As part of the larger Challenge the Past/Diversify the Future conference to be held in Gothenburg, Sweden on March 19th-21st, 2015, the organisers would like to draw attention to this specific additional call fo papers on historical representations in games.
History is often claimed to be something in decline. In the past few decades the same discourses have been repeatedly revisited throughout the world. Typically these debates surround issues such as the state of history education, public knowledge of the past and the fear that too few students study too little history in schools. Whilst these arguments undoubtedly have validity in some cases, generally they rest on the notion that “history” is a thing synonymous with only official, educational, institutionalised and professional forms, accounts and practices. Such perspectives generally ignore the role of the everyday, the local and the familial. This means that both the significance of the popular histories found in mainstream media and the nature of history as an active process of remembering performed by the public as well as professional historians, is often missed.
The huge sales of historical game series, such as Assassin’s Creed, Civilization, Brothers in Arms and Age of Empires, belie such flawed assumptions. By firstly being increasingly everyday, but also by being systems that allow their audiences to actively engage in historical practices such as historical (and often counterfactual) narrative experimentation and re-enactment. These are also practices that have generally previously remained elusive to mainstream popular practice. Such games therefore offer popular ‘historying’ and are significant in their potentially influential role as one of today’s most successful forms of history.
This makes the consideration of the process of representation in historical games, the ludic aesthetics of historical description, vitally important. As such, we invite authors to theorise about the effects that the game form has for historical representation, whether considered on its own terms or in comparison to other media. However, neither are historical games a neutral form for representation that exists in a commercial and cultural vacuum. As such we are particularly interested in the ideological and political aspects and implications of historical games and thus also invite papers considering issues of power and diversity in these games.
Historical games can challenge old pasts and diversify the future of history by allowing players to create transgressive or experimental histories and by opening up historical practices to new audiences and allowing them to become part-authors of their historical experience. However, there is clearly still work to be done. Historical games are also often used to reassert problematic (for example, colonialist and imperialist) ideologies, grand narratives and historical epistemologies and often contain hegemonic or exclusionary representations of race, gender, and sexuality. This, alongside the relative lack of work on some of these topics in relation to historical games and the popularity of said games, mean that these are issues that must be discussed and which we hope will begin to be addressed at the conference.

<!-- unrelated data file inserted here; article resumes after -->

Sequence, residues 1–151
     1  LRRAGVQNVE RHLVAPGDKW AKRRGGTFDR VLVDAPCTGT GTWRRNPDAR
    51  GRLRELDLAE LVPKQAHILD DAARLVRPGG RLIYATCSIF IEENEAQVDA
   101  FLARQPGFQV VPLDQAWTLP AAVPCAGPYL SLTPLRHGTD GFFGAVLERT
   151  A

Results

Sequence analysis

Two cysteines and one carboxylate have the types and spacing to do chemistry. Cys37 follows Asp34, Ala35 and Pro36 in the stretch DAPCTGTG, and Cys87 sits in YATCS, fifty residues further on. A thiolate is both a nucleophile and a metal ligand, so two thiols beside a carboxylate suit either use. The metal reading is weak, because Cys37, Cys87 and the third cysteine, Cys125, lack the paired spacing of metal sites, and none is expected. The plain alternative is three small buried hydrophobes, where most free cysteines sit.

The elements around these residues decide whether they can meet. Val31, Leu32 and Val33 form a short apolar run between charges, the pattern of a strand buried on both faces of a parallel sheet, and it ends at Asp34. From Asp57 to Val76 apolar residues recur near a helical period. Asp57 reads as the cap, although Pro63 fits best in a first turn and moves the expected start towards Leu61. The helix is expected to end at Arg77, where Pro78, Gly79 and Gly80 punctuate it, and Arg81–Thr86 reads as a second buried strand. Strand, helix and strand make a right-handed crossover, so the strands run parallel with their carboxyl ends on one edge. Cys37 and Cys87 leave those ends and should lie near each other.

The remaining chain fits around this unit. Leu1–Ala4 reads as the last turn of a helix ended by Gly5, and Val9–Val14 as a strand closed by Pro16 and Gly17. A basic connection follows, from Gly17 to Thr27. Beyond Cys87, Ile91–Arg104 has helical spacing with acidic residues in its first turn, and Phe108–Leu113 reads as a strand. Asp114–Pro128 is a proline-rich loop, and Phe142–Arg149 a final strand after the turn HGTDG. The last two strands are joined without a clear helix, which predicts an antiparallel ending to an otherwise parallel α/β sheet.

Given these concerns, we particularly invite papers on the following topics, but also welcome other work on historical games. (PLEASE NOTE: submissions on all kinds of historical games, whether digital or non-digital, are welcome):
- Representations of gender in historical games
- Representations of race in historical games
- Representations of sexuality in historical games
- The relation of historical games to jingoistic, nationalistic, colonialist or imperialist grand narratives or ideologies
- The relation of historical games to transgressive history
- Western-centrism and historical games
- The pressures that the game form exerts on history and the process of historical representation
- The new opportunities for historical representation that the gameform creates
- The influence of the critical and commercial culture surroundinghistorical games
- The role of historical games in education
- Historical games and epistemology
Abstracts for research papers (20 min.) and workshops will be accepted until December 18th, 2014. The abstracts should be a maximum of 300 words in English.
Submit your abstract to email@example.com Follow us on twitter @ctp2015
For questions, or requests for additional information related to this CFP, please contact us via e-mail at the above address. For more general information on the conference and to get the latest news on keynote and plenary speakers, please contact us or register for our newsletter by sending us an email at firstname.lastname@example.org or by visiting challengethepast.com
Details for registration and accommodation will be announced soon.
Postdoctoral Fellow in Historical Game Studies
Department of Education, Communication and Learning
University of Gothenburg
Visit the website at http://challengethepast.com